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Discussion Starter #1
So we all know beetle 1.8 turbo doesn't make any blow off valve noise.

My car does that. it's fun to hear but it has a lot less power now.


One day, the car just kept dying at the stop light. I changed the air filter. still the same.

I unplugged the MAF sensor and it didn't die at the stop light so I figured I had bad MAF.

I cleaned it and put it back but still the same when I replugged it.

So far, I tried 2 used MAF sensors from salvaged cars.

Maybe my original MAF went bad and 2 used MAF I got were also bad ones?

If I just get new MAF, will it fix all the problems? (car won't die, no bad idling, no throwing air in the air)
 

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I've never had any luck with cleaning a MAF, can't imagine a salvaged one would be worth messing with either. Last time I bought a cheapo on Ebay and that did the trick, and if it doesn't then you are only out a few bucks. Do you have any lights on the dash? Popping could be your diverter valve. To test it you can pull it off, compress the spring with a socket, hold your finger over the vacuum nipple, if it's good then the spring should stay compressed until you remove your finger.
 

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Likely a hose, solenoid or valve problem of some sort.

Be careful about changing/replacing MAF with a cheap unit.

There are a lot of cheap/counterfeit MAF's floating around and can be a real headache to identify and flag. If you do decide to replace the MAF, keep the original MAF as you will likely be putting it back on the engine.

I have never replaced a MAF on any car I have ever owned yet, most are 10 years old and have close to or over 100k miles.
 

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Discussion Starter #5
So it wasn't MAFs problem at all? If I plug in right now, I can't even drive.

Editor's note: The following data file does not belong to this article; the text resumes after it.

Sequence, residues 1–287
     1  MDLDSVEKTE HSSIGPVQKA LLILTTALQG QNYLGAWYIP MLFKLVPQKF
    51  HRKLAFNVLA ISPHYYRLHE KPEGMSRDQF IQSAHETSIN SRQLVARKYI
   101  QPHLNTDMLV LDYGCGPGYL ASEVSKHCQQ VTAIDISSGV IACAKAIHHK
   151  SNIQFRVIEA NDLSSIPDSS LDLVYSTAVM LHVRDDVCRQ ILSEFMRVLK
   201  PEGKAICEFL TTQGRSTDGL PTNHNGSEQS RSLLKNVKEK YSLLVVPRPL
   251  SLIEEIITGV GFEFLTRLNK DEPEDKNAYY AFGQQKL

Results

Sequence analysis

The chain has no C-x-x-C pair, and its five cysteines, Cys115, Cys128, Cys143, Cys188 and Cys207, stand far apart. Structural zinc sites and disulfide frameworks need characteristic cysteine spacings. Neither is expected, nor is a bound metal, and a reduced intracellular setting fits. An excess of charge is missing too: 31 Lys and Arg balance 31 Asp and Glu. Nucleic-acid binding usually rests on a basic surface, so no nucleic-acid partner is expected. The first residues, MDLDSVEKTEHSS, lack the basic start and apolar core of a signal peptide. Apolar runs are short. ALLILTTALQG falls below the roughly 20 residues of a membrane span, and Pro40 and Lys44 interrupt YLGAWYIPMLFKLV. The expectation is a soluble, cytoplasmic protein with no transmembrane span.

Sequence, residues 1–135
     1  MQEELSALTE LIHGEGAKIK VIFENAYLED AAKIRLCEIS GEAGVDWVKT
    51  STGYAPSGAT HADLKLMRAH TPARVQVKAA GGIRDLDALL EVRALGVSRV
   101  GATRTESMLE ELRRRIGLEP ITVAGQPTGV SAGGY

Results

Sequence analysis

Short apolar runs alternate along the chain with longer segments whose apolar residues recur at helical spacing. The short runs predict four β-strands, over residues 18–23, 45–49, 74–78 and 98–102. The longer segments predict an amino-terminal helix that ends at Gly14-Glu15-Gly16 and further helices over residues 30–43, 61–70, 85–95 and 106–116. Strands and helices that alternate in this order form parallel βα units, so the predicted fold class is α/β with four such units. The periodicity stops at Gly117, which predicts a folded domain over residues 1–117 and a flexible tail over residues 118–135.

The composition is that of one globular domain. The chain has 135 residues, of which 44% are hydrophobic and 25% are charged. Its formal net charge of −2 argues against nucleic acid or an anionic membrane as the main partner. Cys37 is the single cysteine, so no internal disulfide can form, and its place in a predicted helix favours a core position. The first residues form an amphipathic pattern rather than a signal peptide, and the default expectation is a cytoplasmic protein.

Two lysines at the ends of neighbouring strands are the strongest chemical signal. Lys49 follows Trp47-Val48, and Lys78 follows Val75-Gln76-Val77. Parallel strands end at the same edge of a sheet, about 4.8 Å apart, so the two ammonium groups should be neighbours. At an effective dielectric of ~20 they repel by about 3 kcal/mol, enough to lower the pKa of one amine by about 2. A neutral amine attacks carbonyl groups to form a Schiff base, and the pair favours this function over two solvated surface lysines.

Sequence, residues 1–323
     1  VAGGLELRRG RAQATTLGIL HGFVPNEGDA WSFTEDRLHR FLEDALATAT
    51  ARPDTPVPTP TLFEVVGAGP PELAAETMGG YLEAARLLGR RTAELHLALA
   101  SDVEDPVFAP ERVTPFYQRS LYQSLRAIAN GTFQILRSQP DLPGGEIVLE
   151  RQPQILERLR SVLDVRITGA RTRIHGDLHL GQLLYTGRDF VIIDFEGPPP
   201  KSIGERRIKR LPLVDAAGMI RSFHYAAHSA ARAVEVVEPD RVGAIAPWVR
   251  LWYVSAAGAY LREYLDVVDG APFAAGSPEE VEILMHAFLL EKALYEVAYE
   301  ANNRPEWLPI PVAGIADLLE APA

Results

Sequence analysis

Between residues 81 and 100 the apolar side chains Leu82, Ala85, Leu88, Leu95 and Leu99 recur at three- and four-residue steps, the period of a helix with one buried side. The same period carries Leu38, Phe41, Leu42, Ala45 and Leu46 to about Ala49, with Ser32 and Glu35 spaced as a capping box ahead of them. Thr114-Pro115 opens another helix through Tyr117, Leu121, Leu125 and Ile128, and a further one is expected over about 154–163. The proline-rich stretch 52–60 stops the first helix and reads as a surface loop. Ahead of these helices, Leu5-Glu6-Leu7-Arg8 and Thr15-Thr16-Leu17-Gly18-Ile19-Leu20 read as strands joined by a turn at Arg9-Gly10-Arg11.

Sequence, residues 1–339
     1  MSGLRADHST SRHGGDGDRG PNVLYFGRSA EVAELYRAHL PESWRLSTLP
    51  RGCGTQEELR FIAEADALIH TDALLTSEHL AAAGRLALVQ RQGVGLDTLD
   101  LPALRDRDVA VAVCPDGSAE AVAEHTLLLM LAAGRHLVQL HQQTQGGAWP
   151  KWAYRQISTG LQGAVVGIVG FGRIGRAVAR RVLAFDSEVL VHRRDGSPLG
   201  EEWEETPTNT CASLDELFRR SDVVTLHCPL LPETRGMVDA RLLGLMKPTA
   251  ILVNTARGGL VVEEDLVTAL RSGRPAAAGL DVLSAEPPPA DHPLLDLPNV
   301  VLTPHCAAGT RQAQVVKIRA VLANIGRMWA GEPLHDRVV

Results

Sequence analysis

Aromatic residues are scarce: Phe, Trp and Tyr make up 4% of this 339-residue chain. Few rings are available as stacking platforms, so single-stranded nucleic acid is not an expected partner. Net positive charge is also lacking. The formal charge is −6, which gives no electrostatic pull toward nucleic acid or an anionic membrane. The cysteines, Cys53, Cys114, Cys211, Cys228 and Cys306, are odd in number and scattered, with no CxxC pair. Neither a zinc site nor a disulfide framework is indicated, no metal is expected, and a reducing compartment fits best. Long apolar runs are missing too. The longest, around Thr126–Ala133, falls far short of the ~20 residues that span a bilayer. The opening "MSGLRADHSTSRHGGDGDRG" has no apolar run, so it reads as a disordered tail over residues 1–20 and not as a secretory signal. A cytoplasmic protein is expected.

I am not sure what hose or valve I have to look for. Does that mean I have vacuum leak somewhere?

check engine light is on and I guess I should get the code first before keep asking questions.....
 

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If the engine will not run with the MAF connected, then likely you have a vacuum leak, unplugging the MAF puts the engine is a fixed richer fuel map.

Even if you get the codes read and it indicates a lean codes, it does not tell you where they will be. Maybe you will have a diverter valve or some other code as well.

Codes are helpful and a good start.

Suggest you read the first link below in my signature as anyone that has a car or truck outside of the new car warranty should have an OBDII scan tool.

Start by checking near the back of the engine for loose or broken hoses.
 

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check valves

I bet it's your vacuum check valves they are notorious for failures with temperature and time. Mine went out two years ago. luckily their only 6-8 bucks online. here is a picture of what to look for. Just don't buy it at the Dealer or you'll end up paying $50 for a plastic part that's only worth $10
 

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Discussion Starter #8
Thanks I checked that vacuum valve (passenger side near the washer tank) I could blow it only one way so it's not bad. Are there more of those?

I think I need to look at those little vacuum lines under the engine cover. Some of it has messed up fabric cover and I can't tell if they are leaking or not. (how to find leak, spray the carb cleaner? spray the soap water?)
 

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Smoke testing is the typical way of finding vacuum leaks. Put a rubber glove over the throttle bottle opening, then inject smoke either from a machine or cigar or cigarette into a vacuum hose and look for the leak.

As for the small check valves, at least on my 2003 1.8, I think I have 2 on top of the engine near the center and the white plastic breaks down on the bottom. If you have the black and white check valves likely they are bad.
 
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